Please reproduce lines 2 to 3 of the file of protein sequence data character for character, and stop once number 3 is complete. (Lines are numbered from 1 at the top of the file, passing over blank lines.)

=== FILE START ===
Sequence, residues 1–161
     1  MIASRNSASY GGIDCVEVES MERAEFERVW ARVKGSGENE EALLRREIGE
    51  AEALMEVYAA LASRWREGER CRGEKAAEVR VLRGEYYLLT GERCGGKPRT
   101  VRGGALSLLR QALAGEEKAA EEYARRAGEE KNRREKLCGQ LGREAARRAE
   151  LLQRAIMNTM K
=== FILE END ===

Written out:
     1  MIASRNSASY GGIDCVEVES MERAEFERVW ARVKGSGENE EALLRREIGE
    51  AEALMEVYAA LASRWREGER CRGEKAAEVR VLRGEYYLLT GERCGGKPRT